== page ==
At certain moments in our lives, we find ourselves taking the time to prepare for a new season—perhaps “winterizing” a summer cottage or covering vulnerable plants before the first snow flakes fall. At other times a new season hits unexpectedly, like the onset of an early spring thaw that interrupts a planned ski trip, and we find ourselves scrambling to adjust to unanticipated changes.

Over the past couple of months I’ve found myself in both of these situations. As we neared the beginning of a new school year, the OACS communications team had already begun to prepare for writing and sharing news stories for the year ahead. However, we were cognizant of the fact that it will be the last year that the organization will be serving the Christian school communities and, as such, we had already begun to prepare ourselves in different ways for the changing of seasons ahead. Without warning, in the midst of these preparations, my own personal journey took an unexpected turn. One week before the start of a new school year, I made the decision to accept a teaching position at Providence Christian School in Dundas, where I have already begun to teach a grade 7 class.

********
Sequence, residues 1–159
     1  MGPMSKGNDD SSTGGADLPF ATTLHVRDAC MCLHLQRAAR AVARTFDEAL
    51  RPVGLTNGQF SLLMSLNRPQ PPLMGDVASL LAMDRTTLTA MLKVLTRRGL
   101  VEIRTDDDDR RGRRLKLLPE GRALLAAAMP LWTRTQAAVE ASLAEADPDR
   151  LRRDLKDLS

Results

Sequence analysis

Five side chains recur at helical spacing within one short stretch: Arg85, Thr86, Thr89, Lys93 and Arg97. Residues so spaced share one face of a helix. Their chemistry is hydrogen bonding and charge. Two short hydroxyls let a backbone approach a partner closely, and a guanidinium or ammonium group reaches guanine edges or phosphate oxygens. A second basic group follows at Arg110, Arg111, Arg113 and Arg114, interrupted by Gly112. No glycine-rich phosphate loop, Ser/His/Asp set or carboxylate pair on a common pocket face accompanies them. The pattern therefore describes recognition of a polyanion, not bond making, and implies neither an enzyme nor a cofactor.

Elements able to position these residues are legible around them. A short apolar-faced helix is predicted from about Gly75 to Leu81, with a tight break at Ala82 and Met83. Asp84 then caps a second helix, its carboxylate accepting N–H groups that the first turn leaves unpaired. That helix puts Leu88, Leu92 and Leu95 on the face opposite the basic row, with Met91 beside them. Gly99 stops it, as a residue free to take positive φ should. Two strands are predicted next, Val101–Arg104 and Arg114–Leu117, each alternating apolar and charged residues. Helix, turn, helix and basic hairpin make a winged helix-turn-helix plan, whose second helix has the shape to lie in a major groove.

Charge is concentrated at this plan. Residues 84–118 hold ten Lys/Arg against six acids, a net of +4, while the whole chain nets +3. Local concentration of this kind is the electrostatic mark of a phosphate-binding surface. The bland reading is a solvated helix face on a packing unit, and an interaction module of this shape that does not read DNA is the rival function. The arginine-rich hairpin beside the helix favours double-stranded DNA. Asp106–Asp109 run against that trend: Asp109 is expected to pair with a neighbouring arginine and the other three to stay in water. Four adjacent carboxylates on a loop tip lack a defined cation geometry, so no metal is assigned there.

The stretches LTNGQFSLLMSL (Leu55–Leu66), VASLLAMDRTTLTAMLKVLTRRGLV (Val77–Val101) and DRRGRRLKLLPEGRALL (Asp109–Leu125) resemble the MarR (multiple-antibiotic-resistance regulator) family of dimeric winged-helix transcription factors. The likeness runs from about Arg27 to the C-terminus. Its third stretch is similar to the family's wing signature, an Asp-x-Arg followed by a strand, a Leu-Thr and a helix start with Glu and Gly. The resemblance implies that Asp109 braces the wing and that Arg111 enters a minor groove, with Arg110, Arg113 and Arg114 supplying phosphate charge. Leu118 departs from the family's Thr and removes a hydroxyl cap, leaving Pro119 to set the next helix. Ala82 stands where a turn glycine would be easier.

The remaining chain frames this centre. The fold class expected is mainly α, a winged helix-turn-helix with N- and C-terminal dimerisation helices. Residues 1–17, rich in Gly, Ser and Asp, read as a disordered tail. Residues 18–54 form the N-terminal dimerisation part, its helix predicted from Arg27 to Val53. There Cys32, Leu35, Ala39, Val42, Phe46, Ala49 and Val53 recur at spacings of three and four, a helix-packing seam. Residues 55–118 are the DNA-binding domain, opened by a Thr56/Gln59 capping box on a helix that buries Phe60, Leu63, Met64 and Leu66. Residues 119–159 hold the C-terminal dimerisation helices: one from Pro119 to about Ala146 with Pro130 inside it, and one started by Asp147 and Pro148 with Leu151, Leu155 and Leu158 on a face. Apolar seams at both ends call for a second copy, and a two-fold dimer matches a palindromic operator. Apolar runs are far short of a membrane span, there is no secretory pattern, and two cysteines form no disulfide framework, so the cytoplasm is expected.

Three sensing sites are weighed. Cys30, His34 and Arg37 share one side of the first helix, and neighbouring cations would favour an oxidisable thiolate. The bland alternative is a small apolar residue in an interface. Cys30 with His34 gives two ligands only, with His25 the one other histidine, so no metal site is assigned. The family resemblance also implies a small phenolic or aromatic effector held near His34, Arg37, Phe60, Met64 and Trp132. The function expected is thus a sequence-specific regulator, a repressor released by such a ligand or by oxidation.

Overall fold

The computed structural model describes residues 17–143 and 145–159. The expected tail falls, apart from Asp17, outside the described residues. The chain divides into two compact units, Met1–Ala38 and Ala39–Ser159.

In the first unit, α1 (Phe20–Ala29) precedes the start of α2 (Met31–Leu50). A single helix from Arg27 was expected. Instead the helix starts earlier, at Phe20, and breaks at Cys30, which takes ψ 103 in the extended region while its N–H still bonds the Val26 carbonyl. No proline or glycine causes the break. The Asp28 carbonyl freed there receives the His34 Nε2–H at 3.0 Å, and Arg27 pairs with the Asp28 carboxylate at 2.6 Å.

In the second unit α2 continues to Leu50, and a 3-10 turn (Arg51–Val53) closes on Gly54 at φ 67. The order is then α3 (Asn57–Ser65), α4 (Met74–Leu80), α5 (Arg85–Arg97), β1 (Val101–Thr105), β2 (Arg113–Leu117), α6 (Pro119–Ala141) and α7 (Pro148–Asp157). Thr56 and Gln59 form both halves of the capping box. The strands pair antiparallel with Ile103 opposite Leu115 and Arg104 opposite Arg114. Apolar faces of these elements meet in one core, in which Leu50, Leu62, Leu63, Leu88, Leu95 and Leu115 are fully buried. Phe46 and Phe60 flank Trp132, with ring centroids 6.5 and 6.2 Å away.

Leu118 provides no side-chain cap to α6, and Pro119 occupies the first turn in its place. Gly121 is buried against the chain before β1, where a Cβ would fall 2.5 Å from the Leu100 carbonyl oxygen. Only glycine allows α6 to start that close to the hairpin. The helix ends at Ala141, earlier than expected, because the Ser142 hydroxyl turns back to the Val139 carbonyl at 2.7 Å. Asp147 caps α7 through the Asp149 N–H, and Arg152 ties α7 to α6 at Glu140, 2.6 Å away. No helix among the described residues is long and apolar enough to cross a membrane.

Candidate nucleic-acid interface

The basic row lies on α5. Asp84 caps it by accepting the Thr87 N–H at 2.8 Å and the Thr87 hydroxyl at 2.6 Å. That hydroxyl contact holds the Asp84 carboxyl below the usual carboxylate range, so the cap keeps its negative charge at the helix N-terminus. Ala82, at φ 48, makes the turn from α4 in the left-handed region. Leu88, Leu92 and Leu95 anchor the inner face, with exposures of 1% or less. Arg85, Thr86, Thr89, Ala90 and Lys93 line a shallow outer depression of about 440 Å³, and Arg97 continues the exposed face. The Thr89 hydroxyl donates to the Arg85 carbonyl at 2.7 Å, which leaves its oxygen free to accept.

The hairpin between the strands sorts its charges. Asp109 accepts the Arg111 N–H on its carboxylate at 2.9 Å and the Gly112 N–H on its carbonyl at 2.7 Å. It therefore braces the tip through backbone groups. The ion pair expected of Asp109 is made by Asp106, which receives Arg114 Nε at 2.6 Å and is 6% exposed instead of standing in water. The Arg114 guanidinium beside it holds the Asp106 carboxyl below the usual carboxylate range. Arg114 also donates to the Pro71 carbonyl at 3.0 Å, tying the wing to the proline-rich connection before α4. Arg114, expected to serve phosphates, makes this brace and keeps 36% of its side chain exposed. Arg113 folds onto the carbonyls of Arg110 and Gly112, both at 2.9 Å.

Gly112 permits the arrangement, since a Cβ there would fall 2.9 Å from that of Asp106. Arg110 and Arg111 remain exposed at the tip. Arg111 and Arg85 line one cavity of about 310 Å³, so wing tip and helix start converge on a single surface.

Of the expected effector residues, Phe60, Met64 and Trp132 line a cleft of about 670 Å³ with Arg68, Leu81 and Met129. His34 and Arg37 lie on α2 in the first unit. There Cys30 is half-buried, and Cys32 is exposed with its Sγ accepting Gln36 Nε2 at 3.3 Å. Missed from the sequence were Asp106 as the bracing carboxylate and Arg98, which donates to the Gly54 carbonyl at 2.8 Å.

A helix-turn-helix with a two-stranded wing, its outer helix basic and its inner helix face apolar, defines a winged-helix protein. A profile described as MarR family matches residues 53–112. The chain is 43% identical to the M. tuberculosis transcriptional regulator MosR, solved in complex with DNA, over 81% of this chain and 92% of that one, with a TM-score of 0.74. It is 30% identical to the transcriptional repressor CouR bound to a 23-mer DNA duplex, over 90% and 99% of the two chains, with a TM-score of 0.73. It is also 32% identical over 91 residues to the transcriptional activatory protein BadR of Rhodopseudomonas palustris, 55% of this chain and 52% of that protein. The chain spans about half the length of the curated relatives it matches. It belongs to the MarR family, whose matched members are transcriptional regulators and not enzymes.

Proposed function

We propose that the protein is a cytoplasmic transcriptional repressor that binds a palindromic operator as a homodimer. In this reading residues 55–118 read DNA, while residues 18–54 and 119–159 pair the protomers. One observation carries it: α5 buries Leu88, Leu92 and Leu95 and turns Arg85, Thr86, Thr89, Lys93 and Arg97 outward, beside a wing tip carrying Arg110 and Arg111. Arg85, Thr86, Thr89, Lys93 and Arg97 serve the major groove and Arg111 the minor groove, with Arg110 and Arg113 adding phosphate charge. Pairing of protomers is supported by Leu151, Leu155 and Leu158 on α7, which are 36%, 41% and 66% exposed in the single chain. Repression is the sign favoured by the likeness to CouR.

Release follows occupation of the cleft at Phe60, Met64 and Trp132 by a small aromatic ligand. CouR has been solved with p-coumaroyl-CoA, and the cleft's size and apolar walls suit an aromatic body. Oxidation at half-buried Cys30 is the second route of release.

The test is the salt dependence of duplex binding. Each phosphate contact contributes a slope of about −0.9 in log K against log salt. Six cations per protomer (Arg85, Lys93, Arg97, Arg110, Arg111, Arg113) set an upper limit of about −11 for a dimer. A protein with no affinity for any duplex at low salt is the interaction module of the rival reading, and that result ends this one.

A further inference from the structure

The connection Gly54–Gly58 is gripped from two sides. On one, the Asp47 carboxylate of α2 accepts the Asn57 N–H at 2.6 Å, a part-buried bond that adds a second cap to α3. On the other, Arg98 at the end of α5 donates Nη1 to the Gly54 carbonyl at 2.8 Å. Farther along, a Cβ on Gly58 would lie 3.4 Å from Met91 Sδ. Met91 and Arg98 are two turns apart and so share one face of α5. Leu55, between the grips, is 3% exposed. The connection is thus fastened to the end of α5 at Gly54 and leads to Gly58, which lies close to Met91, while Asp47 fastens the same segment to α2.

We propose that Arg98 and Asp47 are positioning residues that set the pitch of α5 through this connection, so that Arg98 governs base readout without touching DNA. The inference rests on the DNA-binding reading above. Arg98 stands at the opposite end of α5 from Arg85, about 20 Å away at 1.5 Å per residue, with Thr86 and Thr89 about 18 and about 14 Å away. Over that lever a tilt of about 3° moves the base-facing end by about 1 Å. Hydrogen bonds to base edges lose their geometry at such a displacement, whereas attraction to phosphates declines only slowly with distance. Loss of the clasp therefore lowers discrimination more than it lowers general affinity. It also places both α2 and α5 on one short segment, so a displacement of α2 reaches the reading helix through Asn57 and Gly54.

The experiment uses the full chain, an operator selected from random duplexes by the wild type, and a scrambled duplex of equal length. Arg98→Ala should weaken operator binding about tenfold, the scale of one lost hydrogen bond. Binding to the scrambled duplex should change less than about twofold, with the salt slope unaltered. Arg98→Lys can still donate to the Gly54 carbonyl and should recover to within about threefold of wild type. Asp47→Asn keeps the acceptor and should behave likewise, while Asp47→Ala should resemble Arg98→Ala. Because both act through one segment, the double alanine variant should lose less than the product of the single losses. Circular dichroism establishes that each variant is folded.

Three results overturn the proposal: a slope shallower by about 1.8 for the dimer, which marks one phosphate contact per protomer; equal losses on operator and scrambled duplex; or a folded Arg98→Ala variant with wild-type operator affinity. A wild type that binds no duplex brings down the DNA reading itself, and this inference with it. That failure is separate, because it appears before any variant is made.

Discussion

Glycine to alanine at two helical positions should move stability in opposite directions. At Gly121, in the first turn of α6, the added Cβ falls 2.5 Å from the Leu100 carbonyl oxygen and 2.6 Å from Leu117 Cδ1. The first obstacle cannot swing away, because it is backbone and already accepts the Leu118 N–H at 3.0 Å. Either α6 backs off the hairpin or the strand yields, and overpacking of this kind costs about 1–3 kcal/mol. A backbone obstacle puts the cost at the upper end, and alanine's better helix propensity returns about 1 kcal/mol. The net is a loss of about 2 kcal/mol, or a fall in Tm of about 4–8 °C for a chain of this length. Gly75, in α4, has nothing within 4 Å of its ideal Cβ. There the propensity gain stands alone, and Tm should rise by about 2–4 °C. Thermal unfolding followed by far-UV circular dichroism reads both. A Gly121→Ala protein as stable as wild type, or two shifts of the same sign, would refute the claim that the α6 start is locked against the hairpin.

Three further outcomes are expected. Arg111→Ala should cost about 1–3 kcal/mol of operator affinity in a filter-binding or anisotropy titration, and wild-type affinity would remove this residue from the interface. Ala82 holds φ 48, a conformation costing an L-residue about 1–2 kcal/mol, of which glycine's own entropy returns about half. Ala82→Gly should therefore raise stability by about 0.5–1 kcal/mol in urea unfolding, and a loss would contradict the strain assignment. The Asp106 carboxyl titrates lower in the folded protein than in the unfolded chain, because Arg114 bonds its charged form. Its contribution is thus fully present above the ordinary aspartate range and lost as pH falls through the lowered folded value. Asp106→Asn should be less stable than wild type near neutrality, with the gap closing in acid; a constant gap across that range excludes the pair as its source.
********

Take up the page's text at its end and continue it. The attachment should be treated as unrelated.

In a way, then, this article serves as an announcement that I will no longer be writing the weekly news stories that I have enjoyed sharing as the OACS Community Journalist for nearly two years. But even more importantly, I hope to use this opportunity to reflect on what the news service has meant to me, and to thank those of you who have invited me to share your stories with the Christian school community across Ontario.